itcoin rebounded above $50,000 today as the cryptocurrency staged a dramatic recovery following a price crash three months ago.
The world’s largest cryptocurrency by overall value jumped over 4% during the past 24 hours to reach overnight highs of about $50,440 (£37,040), its highest level since May 15.
The latest price surge came after Paypal said it will allow British users to buy, hold and sell Bitcoin and other cryptocurrencies including Ethereum and Litecoin starting later this week. Paypal introduced the feature in the US last year and the UK is the second market globally where it has been launched.
Bitcoin has gained over 71% in value since the start of 2021, although it remains below a record high of close to $65,000 (£47,741) hit in April.
Other digital coins including Cardano and Tether have also gained ground in a broad-based rally over recent days.
The value of Bitcoin and other digital coins fell sharply in June and July, dipping below $30,000 at one point. The slump was driven by a regulatory crackdown in China, which is developing its own national digital currency controlled by the country’s central bank.
The value of the world’s total cryptocurrency market has swelled by almost $1 trillion over the past month to about $2.2 trillion, prompting warnings from Britain’s Financial Conduct Authority that investors in crypto assets face significant risks and must be prepared to lose all of their money.
More asset managers are seeking to gain more exposure to the cryptocurrency market. At least four asset managers have recently filed with the US Securities and Exchange Commission (SEC) for ETFs that invest in Bitcoin futures after SEC Chair Gary Gensler recently signalled a willingness to approve such funds.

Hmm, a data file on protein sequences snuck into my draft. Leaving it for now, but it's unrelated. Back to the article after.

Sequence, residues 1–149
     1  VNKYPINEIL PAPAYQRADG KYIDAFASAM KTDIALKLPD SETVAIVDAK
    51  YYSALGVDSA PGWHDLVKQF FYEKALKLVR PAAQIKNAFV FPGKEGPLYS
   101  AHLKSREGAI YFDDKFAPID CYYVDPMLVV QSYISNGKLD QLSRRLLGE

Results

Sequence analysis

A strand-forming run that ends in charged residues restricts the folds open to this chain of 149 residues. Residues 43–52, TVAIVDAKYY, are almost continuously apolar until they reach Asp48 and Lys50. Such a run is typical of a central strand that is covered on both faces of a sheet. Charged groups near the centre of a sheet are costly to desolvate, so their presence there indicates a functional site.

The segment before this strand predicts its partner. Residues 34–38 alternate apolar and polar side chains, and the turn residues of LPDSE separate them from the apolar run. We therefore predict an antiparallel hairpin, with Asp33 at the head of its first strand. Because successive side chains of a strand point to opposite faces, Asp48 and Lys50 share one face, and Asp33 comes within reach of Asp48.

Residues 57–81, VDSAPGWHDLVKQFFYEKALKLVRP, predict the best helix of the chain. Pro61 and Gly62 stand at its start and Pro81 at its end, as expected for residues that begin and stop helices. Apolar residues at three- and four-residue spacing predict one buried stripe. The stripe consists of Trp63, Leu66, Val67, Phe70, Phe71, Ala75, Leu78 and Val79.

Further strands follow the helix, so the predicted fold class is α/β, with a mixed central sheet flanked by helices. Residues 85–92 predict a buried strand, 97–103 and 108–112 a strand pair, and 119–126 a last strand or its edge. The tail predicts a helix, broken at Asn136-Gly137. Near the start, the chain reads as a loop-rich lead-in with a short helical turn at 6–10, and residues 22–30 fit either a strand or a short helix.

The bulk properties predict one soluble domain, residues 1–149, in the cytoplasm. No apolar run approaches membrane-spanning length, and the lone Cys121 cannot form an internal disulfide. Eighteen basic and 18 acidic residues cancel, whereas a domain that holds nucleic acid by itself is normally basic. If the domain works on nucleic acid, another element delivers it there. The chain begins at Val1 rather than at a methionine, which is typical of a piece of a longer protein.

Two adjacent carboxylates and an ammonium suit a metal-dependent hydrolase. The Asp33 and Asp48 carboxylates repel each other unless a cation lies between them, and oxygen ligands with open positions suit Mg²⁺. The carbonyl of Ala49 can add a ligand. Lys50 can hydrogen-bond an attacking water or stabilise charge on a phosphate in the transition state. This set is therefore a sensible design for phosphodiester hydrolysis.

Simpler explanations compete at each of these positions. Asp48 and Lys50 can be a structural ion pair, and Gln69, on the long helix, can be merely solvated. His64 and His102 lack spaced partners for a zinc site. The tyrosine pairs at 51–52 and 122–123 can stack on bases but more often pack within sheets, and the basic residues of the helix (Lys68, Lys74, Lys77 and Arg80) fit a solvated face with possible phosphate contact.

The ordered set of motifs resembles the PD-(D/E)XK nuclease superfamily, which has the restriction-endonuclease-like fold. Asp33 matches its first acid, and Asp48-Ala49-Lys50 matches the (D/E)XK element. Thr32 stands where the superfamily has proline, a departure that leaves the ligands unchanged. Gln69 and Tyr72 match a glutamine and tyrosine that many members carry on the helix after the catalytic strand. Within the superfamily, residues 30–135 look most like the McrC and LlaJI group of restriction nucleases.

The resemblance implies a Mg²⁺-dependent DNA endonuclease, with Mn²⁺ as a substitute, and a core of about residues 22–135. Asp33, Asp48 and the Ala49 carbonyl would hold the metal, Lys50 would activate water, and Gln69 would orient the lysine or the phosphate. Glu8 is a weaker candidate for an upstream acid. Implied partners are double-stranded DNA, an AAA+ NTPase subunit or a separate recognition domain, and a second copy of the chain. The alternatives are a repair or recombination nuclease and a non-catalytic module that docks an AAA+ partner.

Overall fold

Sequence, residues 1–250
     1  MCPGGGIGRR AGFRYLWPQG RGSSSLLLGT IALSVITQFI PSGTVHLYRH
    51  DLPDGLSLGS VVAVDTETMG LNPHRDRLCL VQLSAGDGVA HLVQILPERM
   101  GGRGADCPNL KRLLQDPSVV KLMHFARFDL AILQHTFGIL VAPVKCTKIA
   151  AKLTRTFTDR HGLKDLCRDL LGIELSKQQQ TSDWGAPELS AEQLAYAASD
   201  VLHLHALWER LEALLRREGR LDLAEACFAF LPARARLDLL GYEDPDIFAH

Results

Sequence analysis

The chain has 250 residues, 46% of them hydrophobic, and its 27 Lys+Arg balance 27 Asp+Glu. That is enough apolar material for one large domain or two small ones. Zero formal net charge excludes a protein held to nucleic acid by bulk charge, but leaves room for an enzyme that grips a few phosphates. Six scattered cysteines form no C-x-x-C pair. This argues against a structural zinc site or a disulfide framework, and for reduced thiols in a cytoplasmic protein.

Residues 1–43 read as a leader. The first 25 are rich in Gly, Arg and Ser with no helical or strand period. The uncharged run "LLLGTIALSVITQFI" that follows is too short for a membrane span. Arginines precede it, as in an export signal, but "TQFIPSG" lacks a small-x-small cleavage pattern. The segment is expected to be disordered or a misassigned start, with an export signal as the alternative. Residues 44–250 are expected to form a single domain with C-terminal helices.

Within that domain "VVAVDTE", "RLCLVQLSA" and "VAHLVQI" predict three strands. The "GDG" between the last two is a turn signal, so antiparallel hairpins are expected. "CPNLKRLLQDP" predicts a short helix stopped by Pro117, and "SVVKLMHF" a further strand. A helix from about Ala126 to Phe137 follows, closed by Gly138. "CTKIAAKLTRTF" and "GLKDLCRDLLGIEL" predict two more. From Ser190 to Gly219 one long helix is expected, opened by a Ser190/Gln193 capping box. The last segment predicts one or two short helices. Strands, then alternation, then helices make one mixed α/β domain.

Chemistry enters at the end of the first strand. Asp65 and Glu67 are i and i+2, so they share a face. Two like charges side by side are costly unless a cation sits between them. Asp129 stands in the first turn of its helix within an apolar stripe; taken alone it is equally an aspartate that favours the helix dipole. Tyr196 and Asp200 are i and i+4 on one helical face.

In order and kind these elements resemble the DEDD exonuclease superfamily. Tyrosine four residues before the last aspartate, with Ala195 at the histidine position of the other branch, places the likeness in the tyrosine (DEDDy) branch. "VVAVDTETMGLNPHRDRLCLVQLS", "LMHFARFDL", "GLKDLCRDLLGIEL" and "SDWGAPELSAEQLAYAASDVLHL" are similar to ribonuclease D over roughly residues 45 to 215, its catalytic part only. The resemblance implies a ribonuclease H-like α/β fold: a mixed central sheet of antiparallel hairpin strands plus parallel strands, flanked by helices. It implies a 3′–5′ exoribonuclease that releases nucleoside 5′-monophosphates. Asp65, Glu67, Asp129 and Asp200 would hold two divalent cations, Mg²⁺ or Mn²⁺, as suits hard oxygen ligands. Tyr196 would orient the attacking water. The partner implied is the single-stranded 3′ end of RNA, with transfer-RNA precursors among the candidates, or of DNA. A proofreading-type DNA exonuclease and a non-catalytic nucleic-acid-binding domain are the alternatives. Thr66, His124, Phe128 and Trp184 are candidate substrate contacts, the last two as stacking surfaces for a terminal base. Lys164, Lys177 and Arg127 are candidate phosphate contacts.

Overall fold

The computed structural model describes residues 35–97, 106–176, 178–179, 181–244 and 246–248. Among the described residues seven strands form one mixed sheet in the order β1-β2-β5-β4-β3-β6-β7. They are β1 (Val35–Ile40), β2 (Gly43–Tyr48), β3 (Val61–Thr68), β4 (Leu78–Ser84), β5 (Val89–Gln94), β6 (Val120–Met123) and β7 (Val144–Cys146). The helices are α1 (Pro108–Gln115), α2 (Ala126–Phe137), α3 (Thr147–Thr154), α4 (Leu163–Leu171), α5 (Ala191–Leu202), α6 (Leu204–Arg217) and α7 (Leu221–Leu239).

Paypal has rejected criticism of its plans and has said it will introduce “educational” content on its app to help inform and protect crypto investors.
Nigel Green, chief executive and founder of deVere Group, said: “I remain confident that Bitcoin will hit, or even surpass, its mid-April all-time high of $65,000 by the end of 2021.”
The executive is among the world’s most persistent crypto bulls. Last month he claimed “crypto is the inevitable future.”
The price of Bitcoin stood at about $11,500 a year ago.
Laith Khalaf, head of investment analysis at AJ Bell, said: “The ability to trade cryptocurrencies is nothing new, but the significance of PayPal’s entry into the UK market is its potential to process crypto transactions between consumers and businesses.
“This isn’t a service which will be offered at outset in the UK, but it’s already up and running in the US, where PayPal’s crypto ventures only began last October, so we can expect pretty rapid development on this side of the pond too.
“Of course, there’s still the issue of consumer and business demand to transact in crypto. What’s more it’s questionable how many businesses that do accept crypto will want to hold onto it after the transaction has taken place, rendering such a transactional facility little more than a sales gimmick.
“Crypto is clearly hugely volatile, and while businesses have bills to pay in dollars, pounds and euros, they’re unlikely to want to store lots of crypto on their balance sheet, lest prices take one of their habitual nosedives.
“While many are no doubt using crypto as a bit of harmless fun with small amounts of money they can afford to lose, some consumers are at risk of getting sucked in and spat out by the crypto craze.
“Within the crypto market itself, PayPal’s presence is positive in that it is a high profile, publicly listed company which is already subject to regulatory scrutiny. But overall the crypto craze remains a worry for consumer advocates and regulators, as well as inveterate luddites.”